THE SPENCER CANDELABRA. An important pair of George III Cast Neo Classical Two Light Candelabra made in London in 1782/83 by John Schofield.

THE SPENCER CANDELABRA. An important pair of George III Cast Neo Classical Two Light Candelabra made in London in 1782/83 by John Schofield.



Each piece is cast and stands on a circular foot which is decorated with three bands of beading and beautiful swirl fluting.  The main, tapering, shaft is also decorated with vertical fluting and horizontal beaded bands.  Another band of swirl fluting rises to the tulip shaped candle socket and a detachable beaded nozzle.  The detachable branches have a central Neo Classical vase finial decorated with flat fluting and drapery swags and terminates in a writhen flame top.  The scroll branches are decorated with leaf capping and rise to a circular beaded drip pan, below the outer fluted candle sockets.  Each socket also has a detachable beaded nozzle.  If the branches are removed, they can be used as a pair of candlesticks.  Both are in excellent condition and are fully marked in the base and the branch sockets.  The underside of the drip pans are marked with the maker's mark and sterling mark and the outer candle sockets are marked with the sterling mark.  The nozzles are each marked with either the maker's mark or the sterling mark.  The pair are marked in no less than eighteen different places, which is quite remarkable.  The difference in the date of the main shaft and the branches, is just where the hallmarking year changed in May and the base was marked on the last day and the branches were marked on the first day of the new hallmarking year.

The Candlesticks are modelled in the Classical tradition and the use of flat fluting and beading was typical of the work of John Schofield.  He was one of the premier silversmiths working in London at this date and had workshops at 29, Bell Yard when these were made.  A.G. Grimwade, in his famous work "London Goldsmith's 1697-1837, Their Marks and Lives", emphasises that, "In his candlesticks and candelabra Schofield displays a high degree of elegant design executed with impeccable craftsmanship, which rivals at best the contemporary French goldsmith Henri Auguste.  It was perhaps the restrained taste of the period that prevented Schofield from displaying a virtuosity which might well have given hima reputation equal to De Lamerie or Storr.  No one could mount glass better, as is shown by his cruet in the Rotch Collection (Victoria & Albert Museum)".  He worked for Jeffreys, Jones and Gilbert, the then Royal Goldsmiths, and that he had considerable commissions from the King, George III, and his son, The Prince of Wales later George IV, when he furnishing his Carlton House residence on the Mall in London.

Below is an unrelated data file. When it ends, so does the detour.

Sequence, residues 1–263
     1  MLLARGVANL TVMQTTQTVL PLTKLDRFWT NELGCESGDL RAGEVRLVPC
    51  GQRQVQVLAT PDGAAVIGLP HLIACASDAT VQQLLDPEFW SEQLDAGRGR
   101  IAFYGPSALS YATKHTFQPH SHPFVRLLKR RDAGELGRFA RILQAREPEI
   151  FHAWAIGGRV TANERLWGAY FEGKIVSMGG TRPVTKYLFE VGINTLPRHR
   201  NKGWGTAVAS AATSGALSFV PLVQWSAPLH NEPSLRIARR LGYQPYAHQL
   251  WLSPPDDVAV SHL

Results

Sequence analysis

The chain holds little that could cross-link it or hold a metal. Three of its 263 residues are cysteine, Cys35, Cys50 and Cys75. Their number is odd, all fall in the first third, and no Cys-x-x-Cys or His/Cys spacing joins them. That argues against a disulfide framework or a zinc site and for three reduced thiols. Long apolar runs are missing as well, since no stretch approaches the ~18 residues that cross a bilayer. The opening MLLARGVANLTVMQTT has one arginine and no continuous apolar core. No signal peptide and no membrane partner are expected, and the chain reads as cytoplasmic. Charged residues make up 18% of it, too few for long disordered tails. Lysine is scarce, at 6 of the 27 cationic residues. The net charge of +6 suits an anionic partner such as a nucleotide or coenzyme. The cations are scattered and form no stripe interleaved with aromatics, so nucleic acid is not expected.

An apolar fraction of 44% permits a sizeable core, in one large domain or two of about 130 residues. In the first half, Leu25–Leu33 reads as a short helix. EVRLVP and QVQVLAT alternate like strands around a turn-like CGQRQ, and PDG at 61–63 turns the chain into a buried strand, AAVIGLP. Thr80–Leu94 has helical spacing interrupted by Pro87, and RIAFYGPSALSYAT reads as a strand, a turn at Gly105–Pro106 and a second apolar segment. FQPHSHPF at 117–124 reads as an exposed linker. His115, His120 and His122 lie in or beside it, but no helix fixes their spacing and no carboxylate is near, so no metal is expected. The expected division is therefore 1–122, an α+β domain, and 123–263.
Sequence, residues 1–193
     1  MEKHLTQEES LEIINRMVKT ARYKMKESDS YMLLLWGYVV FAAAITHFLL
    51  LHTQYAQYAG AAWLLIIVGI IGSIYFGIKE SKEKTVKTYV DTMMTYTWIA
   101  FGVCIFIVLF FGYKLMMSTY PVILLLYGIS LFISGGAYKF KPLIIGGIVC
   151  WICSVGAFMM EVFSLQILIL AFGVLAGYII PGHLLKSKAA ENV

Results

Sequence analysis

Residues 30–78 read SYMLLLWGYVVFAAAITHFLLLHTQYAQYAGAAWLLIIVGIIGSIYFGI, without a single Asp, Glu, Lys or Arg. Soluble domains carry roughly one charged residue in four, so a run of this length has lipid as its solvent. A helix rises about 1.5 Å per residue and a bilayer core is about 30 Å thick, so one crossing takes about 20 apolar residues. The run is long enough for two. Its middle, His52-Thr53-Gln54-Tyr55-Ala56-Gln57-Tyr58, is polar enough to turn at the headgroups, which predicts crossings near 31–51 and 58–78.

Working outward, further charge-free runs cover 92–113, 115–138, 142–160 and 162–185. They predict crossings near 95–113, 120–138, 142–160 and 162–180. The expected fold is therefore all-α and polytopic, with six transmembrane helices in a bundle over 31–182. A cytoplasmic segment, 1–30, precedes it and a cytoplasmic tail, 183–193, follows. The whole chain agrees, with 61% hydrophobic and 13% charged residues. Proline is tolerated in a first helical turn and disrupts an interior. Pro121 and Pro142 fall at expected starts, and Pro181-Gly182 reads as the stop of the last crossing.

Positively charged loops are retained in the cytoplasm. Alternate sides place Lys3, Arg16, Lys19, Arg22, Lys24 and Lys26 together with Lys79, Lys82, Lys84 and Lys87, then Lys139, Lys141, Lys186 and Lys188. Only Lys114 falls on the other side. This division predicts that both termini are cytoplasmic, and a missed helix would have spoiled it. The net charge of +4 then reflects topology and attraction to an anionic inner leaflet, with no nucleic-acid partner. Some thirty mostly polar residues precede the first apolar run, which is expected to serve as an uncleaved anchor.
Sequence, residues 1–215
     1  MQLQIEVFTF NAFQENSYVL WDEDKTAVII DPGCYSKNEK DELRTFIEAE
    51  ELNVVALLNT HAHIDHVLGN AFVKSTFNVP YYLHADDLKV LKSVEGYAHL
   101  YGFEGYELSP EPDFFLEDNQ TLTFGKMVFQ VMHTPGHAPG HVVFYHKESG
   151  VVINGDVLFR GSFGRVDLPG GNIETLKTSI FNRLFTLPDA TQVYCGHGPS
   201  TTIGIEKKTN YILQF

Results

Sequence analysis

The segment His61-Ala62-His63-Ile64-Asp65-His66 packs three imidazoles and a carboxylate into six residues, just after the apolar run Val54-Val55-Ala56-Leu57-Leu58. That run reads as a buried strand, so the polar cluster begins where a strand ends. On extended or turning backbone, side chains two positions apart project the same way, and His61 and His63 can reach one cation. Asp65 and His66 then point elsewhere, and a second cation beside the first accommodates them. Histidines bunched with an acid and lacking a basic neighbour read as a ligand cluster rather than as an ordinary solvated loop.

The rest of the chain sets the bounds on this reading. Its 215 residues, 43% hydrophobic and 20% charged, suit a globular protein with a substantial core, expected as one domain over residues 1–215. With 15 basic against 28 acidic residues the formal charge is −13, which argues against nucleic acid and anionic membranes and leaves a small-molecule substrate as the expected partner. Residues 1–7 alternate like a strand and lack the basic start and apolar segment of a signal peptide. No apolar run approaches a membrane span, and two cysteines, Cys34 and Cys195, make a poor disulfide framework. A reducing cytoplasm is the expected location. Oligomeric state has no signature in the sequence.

The Candelabra come from the Spencer Collection, most recently that of Raine, Countess Spencer.  The Countess was born on 9th September, 1929, the daughter of Alexander McCorquodale, an Army office and heir to an old printing fortune, and the romantic novelist and socialite, Dame Barbara Carland.  Her parents divorced in 1936.  In 1947, 18 year old Raine McCorquodale was launched as a Debutante into London high society.  She had a successful season, not only being named as debutante of the year, but also becoming engaged to the heir to an Earldom.  In July 1948 she married the Hon. Humphrey Legge, and they succeeded as Earl & Countess of Dartmouth in 1962.  The couple had four children, but were divorced in 1976.  She later married the 8th Earl Spencer, father of Diana Princess of Wales and became Chatelaine of the magnificent Althorp House, Northamptonshire, until his death in 1992.  Following Lady Diana Spencer's engagement to Prince Charles, they became globally known, travelling and entertaining on a lavish scale.  In later life Countess Spencer lived in London and enjoyed a very close relationship with her stepdaughter Diana, Princess of Wales, after her divorce from Prince Charles.  The Countess died in October, 2016.  Images are shown of the Earl and Countess Spencer at Althorp, Althorp House, Princess Diana & Countess Spencer and Countess Spencer's Dining Room, showing the candelabra on the table.

Height: 16 inches, 40cm.

Length, across the branches: 13.75 inches, 34.38 cm.

Weight: 70oz, the pair.


- The 8th Earl & Countess Spencer Collection, Althorp House, Northamptonshire, until 1992.

- Collection Raine, Countess Spencer 1992-2016.